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Bring up the term life insurance to just about anyone NOT in the insurance business and you’re bound to have some sort of joke/movie quote come up about America’s favorite life insurance salesman, Ned Ryerson.  Bing!  Of course, the movie tries to typify what a life insurance salesman will do – prey on ANYONE they even remotely know and try to tell them that the catastrophic COULD happen to them so they should buy plenty of life insurance.

 Of course, talk to anyone IN the insurance business and they’ll tell you that life insurance is more than a punch line.  Talk to an insurance agent that’s actually delivered a death benefit check to a widow/er or children and they’ll tell you that it can sometimes mean the difference between losing some precious memories of a loved one and not losing those memories. 

 Listing reasons to purchase life insurance will be saved for another blog.  This blog is going to focus on how to figure what your death benefit should be assuming you’ve already decided that purchasing life insurance is a prudent choice.

 Basically, there are 3 different ways to figure out what your death benefit should be.  We’ll talk about each one, listed below:

 1.        The “total needs” approach.  This approach is probably the one most widely used, and is also the one that is the most time-intensive.  The total needs approach will attempt to designate a proper dollar amount to each of the following “needs”:

a.       Dependent Children.  How old is each child, subtract from the age you plan on not supporting them anymore, and multiply by the dollars per year that they’ll need to survive. (Example:  You’re planning on their independency at 21, they’re currently 13, and they roughly cost $20,000 per year, so plan on 8x$20,000=$160,000 for that child).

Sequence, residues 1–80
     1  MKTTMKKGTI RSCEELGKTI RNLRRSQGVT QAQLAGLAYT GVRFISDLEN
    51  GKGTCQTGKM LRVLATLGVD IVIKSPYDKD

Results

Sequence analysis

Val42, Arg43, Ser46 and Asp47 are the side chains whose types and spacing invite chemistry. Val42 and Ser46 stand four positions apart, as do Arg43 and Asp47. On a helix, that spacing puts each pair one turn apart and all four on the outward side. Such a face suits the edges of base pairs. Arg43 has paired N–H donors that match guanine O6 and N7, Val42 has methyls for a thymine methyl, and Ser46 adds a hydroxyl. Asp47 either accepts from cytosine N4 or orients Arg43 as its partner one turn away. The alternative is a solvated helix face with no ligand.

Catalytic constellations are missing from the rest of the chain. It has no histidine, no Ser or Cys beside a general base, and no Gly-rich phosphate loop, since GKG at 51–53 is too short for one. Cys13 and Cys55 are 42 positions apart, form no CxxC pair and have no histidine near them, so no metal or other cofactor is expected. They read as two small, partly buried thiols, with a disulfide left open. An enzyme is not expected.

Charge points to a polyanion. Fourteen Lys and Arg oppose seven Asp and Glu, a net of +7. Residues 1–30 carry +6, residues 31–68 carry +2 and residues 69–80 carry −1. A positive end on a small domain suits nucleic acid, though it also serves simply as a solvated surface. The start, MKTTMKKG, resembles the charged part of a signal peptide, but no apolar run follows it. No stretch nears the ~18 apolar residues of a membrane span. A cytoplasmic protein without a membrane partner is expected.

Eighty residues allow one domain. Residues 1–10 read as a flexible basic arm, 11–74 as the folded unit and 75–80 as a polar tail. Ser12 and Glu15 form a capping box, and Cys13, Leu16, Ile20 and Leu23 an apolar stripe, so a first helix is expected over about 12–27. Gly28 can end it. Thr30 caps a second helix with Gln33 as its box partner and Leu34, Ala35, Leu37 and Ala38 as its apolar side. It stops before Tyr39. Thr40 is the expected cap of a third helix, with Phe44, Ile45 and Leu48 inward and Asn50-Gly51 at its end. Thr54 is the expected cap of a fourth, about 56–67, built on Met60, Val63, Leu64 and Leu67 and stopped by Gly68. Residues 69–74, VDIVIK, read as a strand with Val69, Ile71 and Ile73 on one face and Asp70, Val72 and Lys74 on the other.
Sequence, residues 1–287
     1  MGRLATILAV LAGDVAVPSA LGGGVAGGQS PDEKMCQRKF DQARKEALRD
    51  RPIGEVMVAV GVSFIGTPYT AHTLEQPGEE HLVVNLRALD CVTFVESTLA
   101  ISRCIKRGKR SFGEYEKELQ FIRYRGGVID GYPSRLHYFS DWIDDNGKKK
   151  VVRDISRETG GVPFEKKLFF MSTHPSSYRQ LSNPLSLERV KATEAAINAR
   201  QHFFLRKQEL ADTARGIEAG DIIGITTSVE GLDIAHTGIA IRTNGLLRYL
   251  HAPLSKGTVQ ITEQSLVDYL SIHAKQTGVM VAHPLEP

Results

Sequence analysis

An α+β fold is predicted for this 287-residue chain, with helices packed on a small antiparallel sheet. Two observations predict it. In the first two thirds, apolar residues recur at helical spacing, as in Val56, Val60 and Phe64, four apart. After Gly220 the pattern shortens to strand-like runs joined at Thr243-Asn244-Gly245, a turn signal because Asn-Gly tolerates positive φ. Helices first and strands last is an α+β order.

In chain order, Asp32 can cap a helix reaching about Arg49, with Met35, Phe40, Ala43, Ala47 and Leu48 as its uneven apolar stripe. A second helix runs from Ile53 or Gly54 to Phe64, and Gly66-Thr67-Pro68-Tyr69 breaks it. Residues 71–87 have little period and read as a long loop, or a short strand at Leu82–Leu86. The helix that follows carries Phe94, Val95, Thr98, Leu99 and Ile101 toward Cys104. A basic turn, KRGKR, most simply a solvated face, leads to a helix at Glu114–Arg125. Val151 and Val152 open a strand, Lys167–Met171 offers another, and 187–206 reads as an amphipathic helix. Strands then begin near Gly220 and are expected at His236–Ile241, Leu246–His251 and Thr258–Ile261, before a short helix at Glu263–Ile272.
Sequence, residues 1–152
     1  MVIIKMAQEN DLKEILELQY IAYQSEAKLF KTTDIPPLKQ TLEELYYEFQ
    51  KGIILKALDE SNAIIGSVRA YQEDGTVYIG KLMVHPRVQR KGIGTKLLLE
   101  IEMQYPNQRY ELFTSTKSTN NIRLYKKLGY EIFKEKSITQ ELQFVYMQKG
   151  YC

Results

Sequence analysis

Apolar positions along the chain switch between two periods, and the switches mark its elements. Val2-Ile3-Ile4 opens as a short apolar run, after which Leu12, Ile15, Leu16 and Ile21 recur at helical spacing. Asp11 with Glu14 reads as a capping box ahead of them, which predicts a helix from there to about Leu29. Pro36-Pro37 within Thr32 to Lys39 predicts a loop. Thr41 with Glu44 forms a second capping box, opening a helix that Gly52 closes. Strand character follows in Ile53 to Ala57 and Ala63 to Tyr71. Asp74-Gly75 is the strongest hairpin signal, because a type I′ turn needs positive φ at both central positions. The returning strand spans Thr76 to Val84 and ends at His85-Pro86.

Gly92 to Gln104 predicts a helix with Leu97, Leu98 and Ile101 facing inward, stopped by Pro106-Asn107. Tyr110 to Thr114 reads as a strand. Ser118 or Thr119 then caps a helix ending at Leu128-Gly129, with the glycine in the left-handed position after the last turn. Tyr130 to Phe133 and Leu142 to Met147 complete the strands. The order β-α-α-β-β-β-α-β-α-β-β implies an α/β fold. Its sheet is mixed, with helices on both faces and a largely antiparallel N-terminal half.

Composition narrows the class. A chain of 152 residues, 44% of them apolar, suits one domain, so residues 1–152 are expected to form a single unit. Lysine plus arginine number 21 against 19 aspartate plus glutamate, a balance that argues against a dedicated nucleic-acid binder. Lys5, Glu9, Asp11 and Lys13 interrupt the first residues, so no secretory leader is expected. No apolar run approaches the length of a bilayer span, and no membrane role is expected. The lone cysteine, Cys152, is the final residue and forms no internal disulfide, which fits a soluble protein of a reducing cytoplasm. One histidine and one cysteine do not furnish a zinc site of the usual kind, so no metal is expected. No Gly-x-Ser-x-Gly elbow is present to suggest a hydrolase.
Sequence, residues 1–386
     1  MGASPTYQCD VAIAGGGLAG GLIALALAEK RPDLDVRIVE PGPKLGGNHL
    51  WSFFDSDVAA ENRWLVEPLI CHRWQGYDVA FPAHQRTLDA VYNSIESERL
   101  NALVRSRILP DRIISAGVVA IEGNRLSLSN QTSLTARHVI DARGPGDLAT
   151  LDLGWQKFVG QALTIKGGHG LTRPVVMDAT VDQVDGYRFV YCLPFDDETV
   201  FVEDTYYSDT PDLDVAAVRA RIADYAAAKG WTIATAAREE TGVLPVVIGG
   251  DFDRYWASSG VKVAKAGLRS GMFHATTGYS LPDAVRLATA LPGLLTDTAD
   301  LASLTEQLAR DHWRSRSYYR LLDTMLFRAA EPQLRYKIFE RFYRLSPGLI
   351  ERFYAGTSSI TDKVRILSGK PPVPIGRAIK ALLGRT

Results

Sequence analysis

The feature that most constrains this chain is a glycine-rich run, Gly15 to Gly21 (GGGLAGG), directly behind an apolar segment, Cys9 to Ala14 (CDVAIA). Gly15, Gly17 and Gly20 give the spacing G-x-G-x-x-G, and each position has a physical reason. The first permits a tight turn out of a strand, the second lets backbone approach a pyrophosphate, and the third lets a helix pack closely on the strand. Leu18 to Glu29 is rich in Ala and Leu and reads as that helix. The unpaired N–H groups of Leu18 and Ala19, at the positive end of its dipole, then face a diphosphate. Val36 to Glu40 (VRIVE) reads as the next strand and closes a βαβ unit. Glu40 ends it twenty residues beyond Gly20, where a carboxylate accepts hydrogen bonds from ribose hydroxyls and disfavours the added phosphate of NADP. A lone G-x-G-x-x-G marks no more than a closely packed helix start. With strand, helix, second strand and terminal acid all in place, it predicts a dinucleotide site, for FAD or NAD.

b.      Grieving Spouse.  If your spouse doesn’t work or simply relies on your income to survive, you won’t want them to hit the classifieds 5 minutes after your funeral is over.  This will take into account time the grieving spouse will need to get through an emotional time.

c.       Mortgage.  How much do you owe on your house?  Better figure it into your death benefit.

d.      Income for parents.  You may not outlive your parents, but they may be relying on you for support as they age – do you need to prepare?

e.      Blackout periods.  This has to do with social security.  The blackout period is the length of time between your spouse receiving social security benefits for a minor and the time they can receive benefits themselves.  Sometimes this blackout period can last for 10 years or more.

f.        Last expenses.  My dad always said you want the last check you ever write to bounce.  Unfortunately, Uncle Sam, the funeral director, and your family wouldn’t find that joke funny.

The great thing about the total needs approach is that it can be extremely accurate.  The downside of this approach is that it can yield a death benefit number that you can’t afford, and it takes time to come up with the final number.

 2.       The “multiple of earnings” approach.  This one is easier to figure, because it doesn’t look at all the things the total needs approach addresses.  You simply take your gross earnings and multiply it by a number you feel comfortable with, such as 5 or 10.  Example:  You make $100,000, multiplied by 10 – your death benefit should be $1,000,000.  This isn’t nearly as accurate, but it is very simple.

 3.       The “Scientific Guess” approach.  Even easier than the multiple of earnings approach, this is simply a number you “feel good” about.  There’s really nothing scientific about it.

And there you have it.  Next time you meet with Ned Ryerson, ask him which way he would go.  And as always, we’re always happy to walk you through these steps to find out if your life insurance covers you adequately.

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